Background material:

Map showing vaccine-preventable outbreaks of diseases in the world.


Michael Specter TED talk: The danger of science denial

Discovery video on the history of vaccines(3 min) Class video not available online.

Science journal articles

Offit, P.A. and Coffin, S.E. 2003. Communicating science to the public: MMR vaccine and autism. Vaccine 22, 1-6 FULL TEXT

Sengupta et al. 2004. Does the MMR triple vaccine cause autism? Evidence-based healthcare & public health 8, 239-245. FULL TEXT

Taylor et al. 2013. Vaccines are not associated with autism: an evidence-based meta-analysis of case-control and cohort studies. Vaccine 32 3623-3629 FULL TEXT

Topic: Personal DNA analysis

Course relevance: Genetics, health sciences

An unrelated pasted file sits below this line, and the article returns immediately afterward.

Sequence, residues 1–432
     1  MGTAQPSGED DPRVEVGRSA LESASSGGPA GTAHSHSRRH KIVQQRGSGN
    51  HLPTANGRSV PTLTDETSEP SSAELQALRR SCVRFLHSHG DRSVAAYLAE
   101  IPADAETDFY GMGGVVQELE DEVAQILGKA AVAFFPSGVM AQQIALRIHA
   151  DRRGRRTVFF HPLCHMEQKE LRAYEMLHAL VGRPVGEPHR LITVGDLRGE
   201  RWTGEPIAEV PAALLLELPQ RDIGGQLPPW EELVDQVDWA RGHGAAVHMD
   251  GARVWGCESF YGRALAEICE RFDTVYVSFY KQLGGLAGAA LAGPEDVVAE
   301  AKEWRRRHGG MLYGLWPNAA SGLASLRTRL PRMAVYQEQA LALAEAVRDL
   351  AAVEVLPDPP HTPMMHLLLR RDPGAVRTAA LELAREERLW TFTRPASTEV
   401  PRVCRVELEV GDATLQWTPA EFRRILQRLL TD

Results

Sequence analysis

Summary: Personal DNA analysis has come a long way. Initially, sequencing the human genome in the human genome project took 13 years and $1 billion (it was mostly DNA from a donor in Buffalo, NY). Now sequencing a genome takes 2 or 3 days, and $4-5 thousand. Progress in technology such as microscopy, nucleotide biochemistry, and polymerase engineering has advanced considerably. The human genome was sequenced using the Sanger method, but there have been what is called next or second generation, and third generation techniques developed since then making it faster and cheaper. There are many reasons to sequence DNA. One is to determine relationships among extant species. Sequencing may also be used in the health sciences to determine genetic disorders or disease. Personal DNA sequencing is a way in which your DNA can be compared with variations in the general public’s DNA (all those that have been sequenced). This gives you a probability of having or contracting certain traits, when compared with other people’s DNA. The more people that are sequenced, the greater the database will be. Generally, the whole genome is not sequenced, but rather segments of the genome, which differ among individuals at one or more base pairs (SNP or single nucleotide polymorphism). Since any individual can have his or her DNA analyzed, it is important for students to be aware of how this information is analyzed, it’s limitations, and applications. Students must also have a firm grasp of probability.